Secondly, throwing in a TV sit-com star of the 1970s and ’80s (Valerie Harper) into the discussion of the female image in instrumental jazz… that is one weird choice! How is that about changing a female artist’s image to fit the marketplace — an actor is always playing a part! I am Jewish, yet I never thought having a non-Jew play a Jewish character was antisemitic, as long as the characterization wasn’t negative, and as long as Jews were being employed (in general) for starring roles. And does that mean Jews can’t play goys? Having Italians in makeup playing Native Americans in the ’50s… okay, I get that that is incorrect. But Valerie Harper as Rhoda? Gimme a break!

  13. Daniel Gewertz on September 22, 2021 at 10:59 am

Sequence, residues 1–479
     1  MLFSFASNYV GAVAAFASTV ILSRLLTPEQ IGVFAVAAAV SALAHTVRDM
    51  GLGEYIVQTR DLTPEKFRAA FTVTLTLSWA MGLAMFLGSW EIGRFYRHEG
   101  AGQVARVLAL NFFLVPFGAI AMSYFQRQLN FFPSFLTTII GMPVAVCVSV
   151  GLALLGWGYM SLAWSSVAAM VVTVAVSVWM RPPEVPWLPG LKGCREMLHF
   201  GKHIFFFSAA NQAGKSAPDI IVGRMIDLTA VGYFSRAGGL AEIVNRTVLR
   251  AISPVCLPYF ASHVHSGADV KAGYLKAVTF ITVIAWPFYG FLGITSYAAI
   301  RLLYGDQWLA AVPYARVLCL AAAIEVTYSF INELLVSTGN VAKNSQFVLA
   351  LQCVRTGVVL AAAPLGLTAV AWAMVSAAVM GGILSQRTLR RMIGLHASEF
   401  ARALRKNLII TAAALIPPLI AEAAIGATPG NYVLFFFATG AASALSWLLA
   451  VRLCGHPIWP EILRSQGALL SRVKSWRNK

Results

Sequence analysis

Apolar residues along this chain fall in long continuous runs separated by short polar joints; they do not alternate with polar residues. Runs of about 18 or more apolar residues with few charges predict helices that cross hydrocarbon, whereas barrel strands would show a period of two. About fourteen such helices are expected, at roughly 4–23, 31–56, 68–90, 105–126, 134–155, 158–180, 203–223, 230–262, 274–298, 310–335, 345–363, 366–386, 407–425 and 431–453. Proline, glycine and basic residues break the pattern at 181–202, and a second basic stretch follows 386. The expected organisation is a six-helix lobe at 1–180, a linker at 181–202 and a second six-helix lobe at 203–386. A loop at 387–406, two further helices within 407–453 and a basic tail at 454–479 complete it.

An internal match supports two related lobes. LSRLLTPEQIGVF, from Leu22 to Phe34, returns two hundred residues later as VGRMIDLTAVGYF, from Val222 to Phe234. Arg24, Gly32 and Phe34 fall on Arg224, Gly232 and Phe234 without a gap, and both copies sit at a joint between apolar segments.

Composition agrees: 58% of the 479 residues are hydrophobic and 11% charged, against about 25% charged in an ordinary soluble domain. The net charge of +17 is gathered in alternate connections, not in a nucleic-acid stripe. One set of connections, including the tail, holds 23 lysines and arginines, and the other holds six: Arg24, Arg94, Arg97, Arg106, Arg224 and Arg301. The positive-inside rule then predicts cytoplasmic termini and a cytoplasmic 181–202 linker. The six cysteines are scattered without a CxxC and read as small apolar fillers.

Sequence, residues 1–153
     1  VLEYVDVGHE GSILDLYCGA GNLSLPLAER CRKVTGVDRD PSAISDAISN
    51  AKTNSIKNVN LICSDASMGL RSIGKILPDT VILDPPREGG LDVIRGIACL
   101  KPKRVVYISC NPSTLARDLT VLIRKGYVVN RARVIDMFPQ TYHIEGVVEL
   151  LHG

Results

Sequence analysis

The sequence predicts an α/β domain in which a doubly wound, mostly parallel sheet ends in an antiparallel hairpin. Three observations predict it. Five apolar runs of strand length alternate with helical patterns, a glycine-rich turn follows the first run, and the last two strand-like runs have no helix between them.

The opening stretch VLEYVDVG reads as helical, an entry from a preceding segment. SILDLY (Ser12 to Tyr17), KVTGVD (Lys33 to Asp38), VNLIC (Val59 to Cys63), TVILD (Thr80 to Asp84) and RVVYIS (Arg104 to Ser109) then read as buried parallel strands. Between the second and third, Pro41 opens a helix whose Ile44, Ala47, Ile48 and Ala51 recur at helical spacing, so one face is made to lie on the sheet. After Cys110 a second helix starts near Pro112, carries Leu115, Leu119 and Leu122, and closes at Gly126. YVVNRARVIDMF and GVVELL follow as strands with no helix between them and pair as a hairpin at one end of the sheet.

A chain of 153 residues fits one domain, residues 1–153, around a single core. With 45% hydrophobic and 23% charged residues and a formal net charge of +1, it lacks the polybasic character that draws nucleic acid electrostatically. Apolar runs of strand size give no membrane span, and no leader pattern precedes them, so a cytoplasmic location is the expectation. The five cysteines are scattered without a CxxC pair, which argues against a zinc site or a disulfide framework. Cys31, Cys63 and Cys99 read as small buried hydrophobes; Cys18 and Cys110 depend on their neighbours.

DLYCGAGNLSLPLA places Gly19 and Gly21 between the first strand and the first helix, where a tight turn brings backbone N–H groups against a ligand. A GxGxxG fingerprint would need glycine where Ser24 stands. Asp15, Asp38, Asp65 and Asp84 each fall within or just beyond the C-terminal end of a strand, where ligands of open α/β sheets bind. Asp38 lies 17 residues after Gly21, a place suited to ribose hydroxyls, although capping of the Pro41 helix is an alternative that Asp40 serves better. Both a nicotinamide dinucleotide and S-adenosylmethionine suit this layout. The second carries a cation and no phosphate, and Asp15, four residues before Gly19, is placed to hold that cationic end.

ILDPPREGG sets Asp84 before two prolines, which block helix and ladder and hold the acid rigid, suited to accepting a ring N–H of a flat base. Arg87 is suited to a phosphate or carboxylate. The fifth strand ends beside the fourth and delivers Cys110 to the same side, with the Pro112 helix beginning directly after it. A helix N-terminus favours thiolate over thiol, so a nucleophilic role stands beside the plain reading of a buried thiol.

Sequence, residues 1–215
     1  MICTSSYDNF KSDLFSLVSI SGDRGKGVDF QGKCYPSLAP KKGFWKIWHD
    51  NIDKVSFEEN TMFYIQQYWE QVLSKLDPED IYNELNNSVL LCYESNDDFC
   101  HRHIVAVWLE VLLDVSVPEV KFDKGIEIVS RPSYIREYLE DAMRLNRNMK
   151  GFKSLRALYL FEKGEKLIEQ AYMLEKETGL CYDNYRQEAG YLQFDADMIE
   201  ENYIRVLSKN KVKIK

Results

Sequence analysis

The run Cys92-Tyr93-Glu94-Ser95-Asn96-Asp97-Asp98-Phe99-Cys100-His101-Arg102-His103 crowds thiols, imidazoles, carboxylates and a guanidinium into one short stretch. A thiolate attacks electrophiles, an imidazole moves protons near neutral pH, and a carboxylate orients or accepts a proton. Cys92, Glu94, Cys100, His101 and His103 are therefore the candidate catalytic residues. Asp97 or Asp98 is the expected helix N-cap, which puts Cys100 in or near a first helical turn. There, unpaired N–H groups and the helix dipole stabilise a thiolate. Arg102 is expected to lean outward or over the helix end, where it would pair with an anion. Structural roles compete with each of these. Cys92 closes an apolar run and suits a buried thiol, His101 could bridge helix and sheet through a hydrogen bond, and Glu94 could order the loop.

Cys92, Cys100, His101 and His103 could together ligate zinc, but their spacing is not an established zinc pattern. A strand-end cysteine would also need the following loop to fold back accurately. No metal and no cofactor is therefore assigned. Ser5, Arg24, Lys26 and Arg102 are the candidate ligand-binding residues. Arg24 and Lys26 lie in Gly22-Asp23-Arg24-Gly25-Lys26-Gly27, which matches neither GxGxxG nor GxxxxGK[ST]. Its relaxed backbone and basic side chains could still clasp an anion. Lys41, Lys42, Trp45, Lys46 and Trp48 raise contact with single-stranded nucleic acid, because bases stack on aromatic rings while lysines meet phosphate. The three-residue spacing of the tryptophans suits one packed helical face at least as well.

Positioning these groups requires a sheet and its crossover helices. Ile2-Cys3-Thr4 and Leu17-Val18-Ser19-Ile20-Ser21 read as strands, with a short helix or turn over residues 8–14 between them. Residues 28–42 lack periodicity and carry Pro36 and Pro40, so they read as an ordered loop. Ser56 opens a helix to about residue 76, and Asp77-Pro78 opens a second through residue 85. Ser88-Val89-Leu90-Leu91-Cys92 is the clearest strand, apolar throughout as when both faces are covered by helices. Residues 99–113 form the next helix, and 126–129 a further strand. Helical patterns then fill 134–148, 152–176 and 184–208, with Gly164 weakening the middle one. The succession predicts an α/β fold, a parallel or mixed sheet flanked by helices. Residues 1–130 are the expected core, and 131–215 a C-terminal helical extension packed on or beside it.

One further series of thought on an issue brought up in the comments… I question the rumor that Emily Remler turned to drugs because audience members didn’t like her. That makes no sense: I can’t imagine jazz-loving audience members in small clubs and intimate concert halls vocally, openly disliking her! What was far more likely is what Andy wrote in his comments — that it was a shame she played for such small ‘crowds.’ I saw her in the mid or late ’80s at the old (very small) Cambridge MA jazz club 1369 (the name-source of the present-day coffee joints). There was a decent but not packed audience, and it was an insanely small club, so… not many people. But they were, of course, enthusiastic. I chatted with Emily afterward. She seemed in an okay mood. But then a person (connected to the club, perhaps?) whispered something to her, and she got up from the bar-stool and excused herself, abruptly, but with a smile. She went to the basement. I later learned their was drug-trafficking going on there, not for the general public, but “for” musicians who used. As I recall, her 2nd set was just as good as the first. Emily was playing mainstream jazz guitar in her brief career, and however excellent she was (ans she was!) it was amped-up fusion jazz/rock/etc. that played the big halls in the ’80s. So, I can well imagine she was somewhat depressed that her audiences were small, and so was the money. I can also, upon reading about her, believe she was upset with the end of her marriage to Jamaican pianist Monty Alexander. I have found in life that childhood woes, romantic split-ups and divorces and infidelity and betrayal… not feeling loved and respected…those are causes for depression and (maybe) a dependency on drugs. In music, one-night stands, exhaustion, and easy access to drugs also are factors, of course. But since I know nothing about the inner-life of the superb jazz guitarist Emily Remler…I prefer to accept the Wikipedia info… that she had a heart attack, her heart possibly weakened by her few years as an addict, and the labor of getting off drugs near the end of her tragically short time on this earth. If she was around in the 50s, I bet she’d have attracted more fans. The ability to play like her was, and I say this as an agnostic, heaven-sent.